Reportage from the 2010 L’Excellence De Reims Auto Show

Reportage from the 2010 L’Excellence De Reims Auto Show

Last Sunday we made the short trip over to Reims in Northern France for the 4th L’Excellence De Reims auto show, a sort of mini-Goodwood hosted at the old GP circuit made famous by Fangio and Hawthorn in the ‘50s.

It was my third time in 4 years and every time before I’ve had a thoroughly enjoyable day, soaking in the ambiance of this historic French circuit and imagining what it would have been like to dice with death along its super-fast straights. But what a disappointment it was this year!

Reims is a stunning venue which exudes the kind of danger, pedigree and glory that many modern-day tracks can only hope to aspire to. Its layout is essentially a large triangle consisting of public highway with a fabulous 1+mile home straight, where even the grand prix cars of 60 years ago exceeded 180mph.

The morning didn’t get off to a particularly auspicious start when we arrived to the sound of an English gimp giving an ‘elf and safety dressing down over the PA system. There may have been a shunt the day before, so ‘this is a demonstration not a race’ and ‘we won’t hesitate to stop the event if your driving is questionable’ were delivered with the cadence only a public sector employee can provide.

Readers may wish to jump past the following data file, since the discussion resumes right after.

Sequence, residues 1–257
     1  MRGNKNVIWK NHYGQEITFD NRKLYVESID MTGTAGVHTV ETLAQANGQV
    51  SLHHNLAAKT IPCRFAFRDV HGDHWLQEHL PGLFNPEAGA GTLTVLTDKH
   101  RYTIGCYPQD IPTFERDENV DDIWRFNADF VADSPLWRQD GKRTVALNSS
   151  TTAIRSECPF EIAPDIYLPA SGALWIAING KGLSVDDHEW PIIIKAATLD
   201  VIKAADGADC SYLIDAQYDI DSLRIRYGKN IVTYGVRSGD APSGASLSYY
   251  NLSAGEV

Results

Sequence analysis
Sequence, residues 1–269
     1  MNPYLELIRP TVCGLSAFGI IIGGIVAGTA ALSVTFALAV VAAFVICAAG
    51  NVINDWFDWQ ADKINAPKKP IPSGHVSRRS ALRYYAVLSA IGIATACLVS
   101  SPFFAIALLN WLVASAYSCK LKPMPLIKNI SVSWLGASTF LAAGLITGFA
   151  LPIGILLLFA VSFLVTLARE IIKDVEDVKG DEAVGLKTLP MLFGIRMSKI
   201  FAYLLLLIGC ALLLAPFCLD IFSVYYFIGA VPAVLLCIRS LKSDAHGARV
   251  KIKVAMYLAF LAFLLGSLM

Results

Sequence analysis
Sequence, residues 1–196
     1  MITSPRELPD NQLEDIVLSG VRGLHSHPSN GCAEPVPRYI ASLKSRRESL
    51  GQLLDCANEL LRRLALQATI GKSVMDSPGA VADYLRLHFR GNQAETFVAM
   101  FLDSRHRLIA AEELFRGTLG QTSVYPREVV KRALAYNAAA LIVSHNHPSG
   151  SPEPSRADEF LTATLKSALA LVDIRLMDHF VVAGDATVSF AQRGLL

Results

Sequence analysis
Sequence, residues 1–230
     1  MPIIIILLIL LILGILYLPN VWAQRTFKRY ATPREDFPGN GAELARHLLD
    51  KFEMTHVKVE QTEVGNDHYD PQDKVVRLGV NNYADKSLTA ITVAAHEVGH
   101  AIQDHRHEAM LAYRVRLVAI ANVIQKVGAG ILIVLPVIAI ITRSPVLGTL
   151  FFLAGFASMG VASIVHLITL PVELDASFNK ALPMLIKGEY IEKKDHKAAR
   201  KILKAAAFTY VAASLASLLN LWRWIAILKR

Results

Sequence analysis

[blockquote type=”blockquote_quotes” align=”left”]..we arrived to the sound of an English gimp giving an ‘elf and safety dressing down over the PA system.[/blockquote]

There were, admittedly, a few nice pieces in the shape of a 250 Testarossa and some Group B rally monsters, but I sensed a half-hearted attempt by the organisers who seemed determined to stifle the vantage points of punters who just wanted to see a high-speed flyby or two. Oh, and the weather was much better back in Blighty.

After maybe 90 minutes we decided it was time to leave and seek out a good restaurant showing the Italian Grand Prix on TV. Fortunately, Reims is a bit of gastro capital and to sit back and watch what was clearly an uneventful race in the company of some good food and Champagne concluded the afternoon on a high note. Not listening to Jonathan Legard also heightened the enjoyment.

I don’t wish to be too churlish because I have a lot of affection for the region. It’s probably best, though, to skip L’Excellence De Reims in future and go on a normal day where you can actually drive along the pit straight, take some great photos and revel in its peaceful nostalgia.

And if you listen closely you might even hear Stirling Moss in a Mercedes W196 Streamliner going flat-chat along the N31..